In 2015, there was a dog flu outbreak in Tennessee (Examiner). It had spread through the Midwest—concentrated mainly in Wisconsin, Indiana, and Illinois—and reached the Volunteer State mid-year, affecting the eating habits and activity levels of people’s pets, particularly puppies and older dogs. Although the tide of this disease was curbed, just as with medical treatments for humans, there are always challenges in pet healthcare. For animal-lovers interested in a rapidly growing career with a relatively quick entry-level education, attending one of the quality veterinary technician schools in Tennessee can be a rewarding choice.
In Tennessee (TN), vet techs must be licensed prior to seeking employment and this state has rigorous restrictions on the scope of practice, relative to other states. As proof of point, the American Veterinary Medical Association (AVMA) has a table detailing how the scope of practice of vet techs varies by state. In Tennessee, common surgical, diagnostic, and dental procedures must be completed in the physical presence of a licensed veterinarian, although Tennessee vet techs can float animals’ teeth (i.e., file or contour them) with non-motorized equipment without physical oversight, so long as they are managed by a veterinarian responsible for their work. In fact, managing veterinarians in this state are held legally responsible for the conduct of their employees—including vet techs—and therefore they seek to hire the most qualified, dependable, and skilled individuals for the role.
Map of Vet Tech Schools in Tennessee
|School Website||main address||online program||Avma Accredited|
|Chattanooga State Community College||4501 Amnicola Hwy, Chattanooga, Tennessee, 37406-1097||No||Yes|
|Columbia State Community College||1665 Hampshire Pike, Columbia, Tennessee, 38401||No||Yes|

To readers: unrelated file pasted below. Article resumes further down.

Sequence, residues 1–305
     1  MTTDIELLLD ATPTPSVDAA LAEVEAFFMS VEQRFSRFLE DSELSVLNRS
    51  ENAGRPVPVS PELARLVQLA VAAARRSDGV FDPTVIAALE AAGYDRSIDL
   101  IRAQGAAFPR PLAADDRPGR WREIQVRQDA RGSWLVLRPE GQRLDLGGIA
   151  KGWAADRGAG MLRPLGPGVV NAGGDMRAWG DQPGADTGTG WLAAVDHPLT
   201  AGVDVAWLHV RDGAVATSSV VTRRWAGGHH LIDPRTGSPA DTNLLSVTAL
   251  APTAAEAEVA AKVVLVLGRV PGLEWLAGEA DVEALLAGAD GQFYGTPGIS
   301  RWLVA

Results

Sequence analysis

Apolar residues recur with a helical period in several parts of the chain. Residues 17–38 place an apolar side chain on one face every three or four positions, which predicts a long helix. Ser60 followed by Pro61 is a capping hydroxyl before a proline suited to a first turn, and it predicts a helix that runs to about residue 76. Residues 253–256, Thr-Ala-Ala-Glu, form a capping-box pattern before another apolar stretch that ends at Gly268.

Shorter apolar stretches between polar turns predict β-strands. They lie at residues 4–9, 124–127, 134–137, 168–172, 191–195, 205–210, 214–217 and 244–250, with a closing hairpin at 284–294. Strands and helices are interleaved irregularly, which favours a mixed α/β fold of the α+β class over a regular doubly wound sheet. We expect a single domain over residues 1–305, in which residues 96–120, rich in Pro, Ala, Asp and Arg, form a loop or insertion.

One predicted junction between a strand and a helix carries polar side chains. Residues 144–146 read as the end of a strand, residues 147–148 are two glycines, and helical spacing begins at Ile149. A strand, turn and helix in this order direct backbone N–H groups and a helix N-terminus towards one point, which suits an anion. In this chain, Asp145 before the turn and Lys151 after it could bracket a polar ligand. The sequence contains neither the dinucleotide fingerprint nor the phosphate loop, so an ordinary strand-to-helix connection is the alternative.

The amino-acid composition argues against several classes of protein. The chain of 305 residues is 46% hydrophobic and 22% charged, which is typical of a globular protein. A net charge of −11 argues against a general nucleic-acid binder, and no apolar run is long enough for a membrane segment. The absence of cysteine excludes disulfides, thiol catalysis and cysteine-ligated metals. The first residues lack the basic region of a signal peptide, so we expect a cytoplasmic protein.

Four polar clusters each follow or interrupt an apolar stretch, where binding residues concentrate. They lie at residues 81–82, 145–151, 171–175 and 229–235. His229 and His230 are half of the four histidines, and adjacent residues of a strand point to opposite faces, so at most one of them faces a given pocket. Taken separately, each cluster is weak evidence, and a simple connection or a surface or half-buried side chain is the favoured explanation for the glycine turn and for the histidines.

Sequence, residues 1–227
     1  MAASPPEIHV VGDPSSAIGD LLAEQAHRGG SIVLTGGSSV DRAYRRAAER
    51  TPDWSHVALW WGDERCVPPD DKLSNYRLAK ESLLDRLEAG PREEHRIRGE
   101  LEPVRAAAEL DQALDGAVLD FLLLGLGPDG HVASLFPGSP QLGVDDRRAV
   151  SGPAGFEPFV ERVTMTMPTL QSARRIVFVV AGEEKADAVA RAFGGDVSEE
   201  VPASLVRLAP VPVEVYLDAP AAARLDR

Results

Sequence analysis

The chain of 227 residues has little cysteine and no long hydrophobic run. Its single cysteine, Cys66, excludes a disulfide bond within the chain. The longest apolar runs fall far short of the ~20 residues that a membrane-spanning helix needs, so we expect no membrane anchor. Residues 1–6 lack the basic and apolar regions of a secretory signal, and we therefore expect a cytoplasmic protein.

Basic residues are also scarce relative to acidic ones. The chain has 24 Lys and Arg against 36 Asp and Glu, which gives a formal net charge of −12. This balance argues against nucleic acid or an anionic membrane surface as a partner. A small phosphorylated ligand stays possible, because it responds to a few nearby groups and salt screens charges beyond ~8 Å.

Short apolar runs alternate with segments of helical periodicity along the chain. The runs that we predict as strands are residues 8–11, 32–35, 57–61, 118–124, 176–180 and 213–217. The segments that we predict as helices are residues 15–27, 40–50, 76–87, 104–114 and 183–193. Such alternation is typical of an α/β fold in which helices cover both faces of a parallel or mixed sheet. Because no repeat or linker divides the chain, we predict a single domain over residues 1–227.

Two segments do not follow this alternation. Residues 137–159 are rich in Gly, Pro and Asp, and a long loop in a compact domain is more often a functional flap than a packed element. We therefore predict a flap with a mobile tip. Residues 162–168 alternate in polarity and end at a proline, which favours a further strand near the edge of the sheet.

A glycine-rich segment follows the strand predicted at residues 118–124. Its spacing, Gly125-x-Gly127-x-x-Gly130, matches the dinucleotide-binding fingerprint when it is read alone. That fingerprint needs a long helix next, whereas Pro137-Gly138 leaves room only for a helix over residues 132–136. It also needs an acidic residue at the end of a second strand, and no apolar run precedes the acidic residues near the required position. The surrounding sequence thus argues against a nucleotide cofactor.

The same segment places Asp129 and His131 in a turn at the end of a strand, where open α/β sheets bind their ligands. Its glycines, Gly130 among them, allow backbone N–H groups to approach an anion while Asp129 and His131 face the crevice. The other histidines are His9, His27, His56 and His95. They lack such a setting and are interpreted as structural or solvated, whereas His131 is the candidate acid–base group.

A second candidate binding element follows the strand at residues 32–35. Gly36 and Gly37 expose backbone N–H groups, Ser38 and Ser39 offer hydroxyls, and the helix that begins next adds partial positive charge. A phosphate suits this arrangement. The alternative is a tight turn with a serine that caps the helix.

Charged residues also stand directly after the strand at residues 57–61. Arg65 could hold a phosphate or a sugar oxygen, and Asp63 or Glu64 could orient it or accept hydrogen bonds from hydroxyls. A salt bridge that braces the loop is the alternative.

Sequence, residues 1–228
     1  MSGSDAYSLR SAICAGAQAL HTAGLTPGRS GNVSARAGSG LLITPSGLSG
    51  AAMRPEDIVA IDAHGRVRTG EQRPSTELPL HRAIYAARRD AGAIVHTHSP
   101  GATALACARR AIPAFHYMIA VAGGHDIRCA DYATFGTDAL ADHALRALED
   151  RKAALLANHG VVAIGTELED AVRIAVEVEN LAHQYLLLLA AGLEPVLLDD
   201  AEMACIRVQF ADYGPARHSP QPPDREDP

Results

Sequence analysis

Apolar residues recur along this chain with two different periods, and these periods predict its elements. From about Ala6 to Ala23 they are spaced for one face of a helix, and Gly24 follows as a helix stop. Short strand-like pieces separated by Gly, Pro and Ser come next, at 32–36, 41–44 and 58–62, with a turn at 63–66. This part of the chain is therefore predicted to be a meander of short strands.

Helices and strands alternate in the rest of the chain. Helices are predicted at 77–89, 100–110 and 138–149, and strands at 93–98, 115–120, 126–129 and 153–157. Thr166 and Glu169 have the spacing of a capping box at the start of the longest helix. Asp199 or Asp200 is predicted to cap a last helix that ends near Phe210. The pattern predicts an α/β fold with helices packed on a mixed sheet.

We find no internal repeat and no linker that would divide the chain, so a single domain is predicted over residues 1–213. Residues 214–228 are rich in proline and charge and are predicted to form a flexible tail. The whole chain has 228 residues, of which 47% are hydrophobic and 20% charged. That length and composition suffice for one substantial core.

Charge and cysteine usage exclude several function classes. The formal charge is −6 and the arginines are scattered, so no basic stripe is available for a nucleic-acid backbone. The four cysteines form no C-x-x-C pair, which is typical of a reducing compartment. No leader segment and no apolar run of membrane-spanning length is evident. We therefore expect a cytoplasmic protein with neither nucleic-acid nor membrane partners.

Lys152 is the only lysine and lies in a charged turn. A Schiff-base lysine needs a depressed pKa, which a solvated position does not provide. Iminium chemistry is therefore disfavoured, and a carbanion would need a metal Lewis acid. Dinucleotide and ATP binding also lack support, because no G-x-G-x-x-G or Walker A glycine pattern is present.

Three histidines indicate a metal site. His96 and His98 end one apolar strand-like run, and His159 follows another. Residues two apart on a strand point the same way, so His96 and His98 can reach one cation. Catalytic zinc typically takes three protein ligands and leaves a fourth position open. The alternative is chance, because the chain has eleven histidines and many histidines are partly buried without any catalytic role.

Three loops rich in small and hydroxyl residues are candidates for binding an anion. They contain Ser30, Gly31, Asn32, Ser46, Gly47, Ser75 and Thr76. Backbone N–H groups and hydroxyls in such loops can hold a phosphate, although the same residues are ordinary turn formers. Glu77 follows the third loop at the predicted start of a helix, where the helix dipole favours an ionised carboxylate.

|Lincoln Memorial University||6965 Cumberland Gap Pky, Harrogate, Tennessee, 37752-9900||No||Yes|
|Tennessee Technology Center at Memphis||550 Alabama Ave, Memphis, Tennessee, 38105-3604||No||No|
|University of Tennessee at Martin||554 University Street, Martin, Tennessee, 38238||No||Yes|
|Volunteer State Community College||1480 Nashville Pike, Gallatin, Tennessee, 37066-3188||No||Yes|
Accredited Vet Tech Programs in TN
In the state of Tennessee, there are five campus-based programs accredited through the American Veterinary Medical Association’s (AVMA) Committee on Veterinary Technician Education and Activities (CVTEA), the predominant accrediting body for vet tech programs in the country.
Chattanooga State Community College offers a CVTEA-accredited associate of applied science (AAS) degree in veterinary technology. The veterinary technology program begins each spring and students must complete courses in the fall before the beginning of the program to determine acceptance into the vet tech program. This 66-credit program includes courses such as animal nursing; clinical pathology; anesthesia and nursing; pharmacology and pharmaceutical calculations; medical terminology; and more. Students also complete three clinical practicums across local veterinary clinics, hospitals, and farms. Between 2014 and 2017, an impressive 93 percent of Chattanooga’s graduates passed the Veterinary Technician National Examination (VTNE) on their first attempt.
Columbia State Community College similarly provides a fully accredited, 21-month AAS program in veterinary technology featuring courses in pharmacology; veterinary diagnostic procedures; livestock management; veterinary medical and surgical nursing; and introduction to animal science. Students complete three clinical practicums in this program as well, for a total of 73 credit hours. The college looks for families who are willing to adopt the animals the students care for. The program begins in the fall and can be completed in 5 semesters. Columbia reported a 71.4 percent first-time VTNE pass rate between 2014 and 2017.
Lincoln Memorial University of Harrogate has two CVTEA-accredited programs: a two-year associate of science (AS) and a four-year bachelor of science (BS), both in veterinary technology. The AS program has advanced instruction in diagnostic imaging, animal husbandry & nutrition, medical technology, and pharmacology & anesthesia, as well as several lab sections to apply didactic lessons. Students can complete the program on a 2-year or 3-year track. The 66-credit BS program—open to those with relevant associate degrees—goes more in-depth with coursework in probability & statistics, animal behavior, equine management, advanced anesthesia, and emergency & critical care. Also, scholarships from NAVTA, TVTA, the Knoxville Veterinary Medical Association are available for qualified students. Between 2014 and 2017, Lincoln Memorial reported a 63.6 percent first-time pass rate among its graduates on the VTNE.